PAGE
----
Apple TV vs. Roku 2 XS: Streaming Media Showdown
Which media streamer is right for you?
by Dan Rayburn
About 10 different $99 streaming boxes are in the market today, with the two most popular being the Roku 2 and Apple TV. Here’s a comparison on how the boxes stack up, the pros and cons of each and the factors you should consider when picking the $99 streamer to add to your home.
While Roku currently has four different models available on the market, ranging in price from $49 to $99, this post will compare the $99 Roku 2 XS to the $99 Apple TV.
To date (as of September 2012), Apple has sold over 6 million of its $99 Apple TV devices and Roku has sold more than 3 million globally. Based on available industry data, they are the No. 1 and No. 2 selling $99 boxes in the market today. It’s no wonder considering both boxes come loaded with features including HDMI out, 802.11n Wi-Fi, an Ethernet jack and support for 5.1 surround sound and 1080p video.
Related: Roku adds universal search function.
Both boxes are about the same in size (Roku 2: 0.9 x 3.3 x 3.3 inches vs. Apple TV: 0.9 x 3.9 x 3.9 inches) and consume very little in the way of power (Roku 2W, Apple TV 6W). Each box comes with a 90-day warranty and a simple power cord with no power brick. You can add an extra one-year warranty to the Apple TV for $29 or $15 for the Roku 2. While both are great streamers with very similar hardware, there is one big compatibility difference between the two that may be important to you (or your home theater integrator).
If you plan to hook the box up to a newer TV with built-in HDMI, then both boxes are a great choice. But if you are connecting to an older TV without HDMI, the Roku is your only option. Unlike the Roku 2, the Apple TV has no support for older TVs. The Roku 2 XS supports older TVs and provides 480i video quality via composite video and has support for analog stereo via left/right/composite video RCA, thanks to a mini-jack. So if you have an older TV with no support for HDMI, the Roku 2 is the box to get. Two other hardware advantages the Roku 2 has over the Apple TV are a microSD card slot for additional game and channel storage and a USB port.
While the Apple TV has a micro USB port, it cannot be used to play back local content via a USB device. The port is only used by Apple for servicing the unit. Since the first generation of the Apple TV device was released (the 720p model), many have speculated that Apple would enable the mini USB port to allow users to play back local content. However, nearly two years later, that has not happened. Roku’s USB port can be used to play back content from a USB hard drive or thumb drive and supports MP4 (H.264) and MKV (H.264) content only. So if you have content in these formats and want the option to play back some local content, the Roku 2 is the box to choose. The Apple TV box has an optical audio port and the Roku 2 XS doesn’t, so that might be important for those who want to use these boxes for audio content more than video.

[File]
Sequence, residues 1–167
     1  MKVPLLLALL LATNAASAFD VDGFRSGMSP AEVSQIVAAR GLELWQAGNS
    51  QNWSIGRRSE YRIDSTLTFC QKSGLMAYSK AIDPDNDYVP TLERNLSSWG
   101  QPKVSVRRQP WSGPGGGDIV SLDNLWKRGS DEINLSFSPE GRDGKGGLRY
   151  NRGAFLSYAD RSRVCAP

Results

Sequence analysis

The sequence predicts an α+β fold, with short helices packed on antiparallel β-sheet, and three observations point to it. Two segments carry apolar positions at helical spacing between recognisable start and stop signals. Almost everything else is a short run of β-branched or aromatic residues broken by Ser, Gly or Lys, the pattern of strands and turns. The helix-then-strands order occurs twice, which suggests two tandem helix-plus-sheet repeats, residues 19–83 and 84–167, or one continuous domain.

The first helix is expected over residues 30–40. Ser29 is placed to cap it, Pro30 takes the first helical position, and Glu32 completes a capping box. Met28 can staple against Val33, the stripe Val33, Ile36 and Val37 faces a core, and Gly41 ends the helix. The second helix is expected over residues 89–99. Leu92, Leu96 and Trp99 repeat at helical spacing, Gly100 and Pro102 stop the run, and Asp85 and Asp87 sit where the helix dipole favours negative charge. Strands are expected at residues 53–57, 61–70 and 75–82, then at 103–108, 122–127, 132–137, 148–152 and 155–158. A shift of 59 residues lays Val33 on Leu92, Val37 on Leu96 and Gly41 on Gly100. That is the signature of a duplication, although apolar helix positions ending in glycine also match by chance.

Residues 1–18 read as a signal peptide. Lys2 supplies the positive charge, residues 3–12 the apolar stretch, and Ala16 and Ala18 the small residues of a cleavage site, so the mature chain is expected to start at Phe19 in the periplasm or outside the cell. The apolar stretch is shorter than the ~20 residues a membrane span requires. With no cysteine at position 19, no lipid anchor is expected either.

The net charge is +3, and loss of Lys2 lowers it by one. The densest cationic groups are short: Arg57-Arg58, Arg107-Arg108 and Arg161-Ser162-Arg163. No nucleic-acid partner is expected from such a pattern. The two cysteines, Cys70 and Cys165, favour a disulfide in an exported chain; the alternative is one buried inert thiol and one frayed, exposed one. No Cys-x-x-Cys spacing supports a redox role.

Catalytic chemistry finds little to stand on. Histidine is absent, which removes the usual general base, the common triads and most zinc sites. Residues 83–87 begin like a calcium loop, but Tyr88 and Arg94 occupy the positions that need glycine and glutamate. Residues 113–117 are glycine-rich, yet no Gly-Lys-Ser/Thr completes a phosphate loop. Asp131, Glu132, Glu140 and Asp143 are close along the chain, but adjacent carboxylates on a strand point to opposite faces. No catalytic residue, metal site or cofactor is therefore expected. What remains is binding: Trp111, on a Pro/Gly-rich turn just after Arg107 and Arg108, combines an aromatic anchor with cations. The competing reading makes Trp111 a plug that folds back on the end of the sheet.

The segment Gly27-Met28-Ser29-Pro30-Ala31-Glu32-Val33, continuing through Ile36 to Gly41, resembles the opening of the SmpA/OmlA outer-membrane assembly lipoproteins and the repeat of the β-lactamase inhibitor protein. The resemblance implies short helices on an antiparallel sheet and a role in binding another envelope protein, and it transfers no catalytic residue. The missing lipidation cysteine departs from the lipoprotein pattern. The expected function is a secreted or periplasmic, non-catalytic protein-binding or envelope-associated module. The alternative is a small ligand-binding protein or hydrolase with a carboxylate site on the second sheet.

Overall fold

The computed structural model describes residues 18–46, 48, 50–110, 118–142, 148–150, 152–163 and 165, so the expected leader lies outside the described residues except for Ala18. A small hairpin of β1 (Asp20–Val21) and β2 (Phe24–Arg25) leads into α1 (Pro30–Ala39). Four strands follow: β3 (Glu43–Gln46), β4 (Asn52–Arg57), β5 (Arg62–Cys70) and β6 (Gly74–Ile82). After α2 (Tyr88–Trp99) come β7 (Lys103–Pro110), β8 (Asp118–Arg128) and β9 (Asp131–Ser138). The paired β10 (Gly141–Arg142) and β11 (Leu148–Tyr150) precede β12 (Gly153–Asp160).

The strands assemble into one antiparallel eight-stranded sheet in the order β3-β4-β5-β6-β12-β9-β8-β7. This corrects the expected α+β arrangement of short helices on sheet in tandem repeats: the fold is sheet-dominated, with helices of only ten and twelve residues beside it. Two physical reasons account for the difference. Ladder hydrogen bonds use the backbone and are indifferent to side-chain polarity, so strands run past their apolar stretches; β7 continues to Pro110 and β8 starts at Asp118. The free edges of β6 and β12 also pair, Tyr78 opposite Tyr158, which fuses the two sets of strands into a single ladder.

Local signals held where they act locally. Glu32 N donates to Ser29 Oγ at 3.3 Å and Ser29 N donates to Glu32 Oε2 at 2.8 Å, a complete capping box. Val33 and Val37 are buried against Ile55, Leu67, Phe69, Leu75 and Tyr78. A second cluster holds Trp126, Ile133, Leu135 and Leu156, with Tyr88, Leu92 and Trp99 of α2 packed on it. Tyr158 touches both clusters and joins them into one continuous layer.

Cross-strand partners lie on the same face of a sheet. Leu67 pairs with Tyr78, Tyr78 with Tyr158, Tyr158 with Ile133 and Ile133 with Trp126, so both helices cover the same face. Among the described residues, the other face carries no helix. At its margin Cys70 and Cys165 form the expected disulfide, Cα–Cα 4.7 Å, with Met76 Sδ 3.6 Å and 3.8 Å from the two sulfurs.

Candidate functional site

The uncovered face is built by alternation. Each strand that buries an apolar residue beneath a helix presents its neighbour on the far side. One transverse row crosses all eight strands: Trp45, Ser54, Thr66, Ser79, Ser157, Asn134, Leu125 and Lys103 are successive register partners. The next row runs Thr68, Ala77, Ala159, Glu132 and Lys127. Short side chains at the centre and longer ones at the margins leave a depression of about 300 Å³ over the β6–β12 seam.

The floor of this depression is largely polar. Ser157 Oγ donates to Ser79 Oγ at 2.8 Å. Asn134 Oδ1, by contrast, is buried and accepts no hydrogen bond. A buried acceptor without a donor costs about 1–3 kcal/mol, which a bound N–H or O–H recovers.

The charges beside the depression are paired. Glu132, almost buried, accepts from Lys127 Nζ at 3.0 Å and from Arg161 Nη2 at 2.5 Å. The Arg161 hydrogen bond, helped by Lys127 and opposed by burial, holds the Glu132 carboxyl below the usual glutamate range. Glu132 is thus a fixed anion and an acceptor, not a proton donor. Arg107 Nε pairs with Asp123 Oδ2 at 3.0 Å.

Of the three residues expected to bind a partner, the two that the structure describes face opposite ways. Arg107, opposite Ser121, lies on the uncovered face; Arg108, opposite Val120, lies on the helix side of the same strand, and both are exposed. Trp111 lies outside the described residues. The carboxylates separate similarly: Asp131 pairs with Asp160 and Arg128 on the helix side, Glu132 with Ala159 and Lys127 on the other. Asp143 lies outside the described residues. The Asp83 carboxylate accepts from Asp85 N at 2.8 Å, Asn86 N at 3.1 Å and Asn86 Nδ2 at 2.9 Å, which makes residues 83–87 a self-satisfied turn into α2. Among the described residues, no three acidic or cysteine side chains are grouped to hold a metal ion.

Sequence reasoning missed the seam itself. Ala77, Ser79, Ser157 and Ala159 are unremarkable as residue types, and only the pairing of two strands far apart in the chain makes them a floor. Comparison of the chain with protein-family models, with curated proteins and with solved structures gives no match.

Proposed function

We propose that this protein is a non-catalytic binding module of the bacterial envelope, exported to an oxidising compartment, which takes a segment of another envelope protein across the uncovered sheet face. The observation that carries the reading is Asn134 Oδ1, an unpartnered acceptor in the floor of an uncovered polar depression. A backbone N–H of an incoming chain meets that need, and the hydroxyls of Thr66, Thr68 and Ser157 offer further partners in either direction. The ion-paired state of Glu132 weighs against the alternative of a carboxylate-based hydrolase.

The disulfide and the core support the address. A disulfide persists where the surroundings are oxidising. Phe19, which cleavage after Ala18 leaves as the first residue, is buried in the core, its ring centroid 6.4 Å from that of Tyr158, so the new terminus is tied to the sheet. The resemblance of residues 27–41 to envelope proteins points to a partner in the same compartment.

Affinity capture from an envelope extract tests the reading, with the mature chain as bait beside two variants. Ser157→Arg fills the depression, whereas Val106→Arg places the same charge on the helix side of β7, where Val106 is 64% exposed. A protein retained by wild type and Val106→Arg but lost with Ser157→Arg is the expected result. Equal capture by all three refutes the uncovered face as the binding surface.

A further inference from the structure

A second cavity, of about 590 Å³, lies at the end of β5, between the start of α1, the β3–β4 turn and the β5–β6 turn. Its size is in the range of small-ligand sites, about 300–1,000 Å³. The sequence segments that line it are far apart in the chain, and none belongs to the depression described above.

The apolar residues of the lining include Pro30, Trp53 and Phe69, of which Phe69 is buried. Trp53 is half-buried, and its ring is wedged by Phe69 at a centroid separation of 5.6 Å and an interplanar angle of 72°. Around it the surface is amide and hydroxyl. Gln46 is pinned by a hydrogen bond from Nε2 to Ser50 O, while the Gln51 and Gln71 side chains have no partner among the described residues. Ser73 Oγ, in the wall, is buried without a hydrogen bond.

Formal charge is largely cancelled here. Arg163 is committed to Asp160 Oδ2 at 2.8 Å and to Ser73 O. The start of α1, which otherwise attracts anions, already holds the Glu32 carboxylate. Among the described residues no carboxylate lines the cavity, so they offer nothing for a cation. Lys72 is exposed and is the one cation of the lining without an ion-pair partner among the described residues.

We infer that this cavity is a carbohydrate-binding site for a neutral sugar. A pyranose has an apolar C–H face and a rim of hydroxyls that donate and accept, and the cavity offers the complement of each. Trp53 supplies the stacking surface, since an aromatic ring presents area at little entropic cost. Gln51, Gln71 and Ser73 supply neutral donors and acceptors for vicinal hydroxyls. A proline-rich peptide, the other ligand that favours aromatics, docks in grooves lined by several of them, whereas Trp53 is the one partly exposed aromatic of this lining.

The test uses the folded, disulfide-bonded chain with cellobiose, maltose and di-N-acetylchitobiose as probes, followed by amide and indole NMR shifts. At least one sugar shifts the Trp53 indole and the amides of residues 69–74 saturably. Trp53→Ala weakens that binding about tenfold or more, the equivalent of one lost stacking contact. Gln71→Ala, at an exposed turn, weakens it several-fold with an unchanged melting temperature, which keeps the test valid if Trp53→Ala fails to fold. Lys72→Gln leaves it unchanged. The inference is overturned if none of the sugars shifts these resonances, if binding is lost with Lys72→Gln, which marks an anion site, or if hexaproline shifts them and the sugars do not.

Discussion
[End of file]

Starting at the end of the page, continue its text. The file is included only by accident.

Both boxes are easy to set up, passing my “mom test,” which involved me giving her each of these boxes to set up on her own. Roku’s box takes a bit longer to set up than the Apple TV as Roku requires users to go to Roku.com on a computer to enter all of the contact information and credit card details. While Roku only collects credit card data to have it on file in case the owner makes any content purchases via the Roku Channel Store, many have voiced their complaints that it is an unnecessary step in the setup process. Currently, there is no way to skip entering the credit card details in the setup process, so if this is a problem, stick with the Apple TV, which doesn’t require any credit card details during setup.
As long as a user knows the Wi-Fi password and the box is within range of a Wi-Fi signal, each box takes less than 10 minutes to set up. I have seen many in the industry debate which box has better Wi-Fi strength, but I have yet to see any testing of the two that has shown conclusive results. A lot of factors go into how well Wi-Fi works including the type of Wi-Fi router, the position of the router and the type of Wi-Fi protocol (a/b/g/n) being used. Every home has its own unique setting that determines how strong and how far the Wi-Fi signal works, so it’s very individual. That said, both boxes have what I would consider to be identical Wi-Fi strength and of all the testing and use of the boxes I have done over the years, I’ve never encountered any Wi-Fi differences between the two.
When it comes to the remotes, both work very well and are very responsive. One of the things you need to be aware of about the Apple TV remote is that it doesn’t take standard sized batteries. It’s not a huge deal breaker, but you probably have a lot more AAA batteries lying around for the Roku remote, as opposed to the watch batteries (CR2032 or BR2032) that the Apple TV remote takes.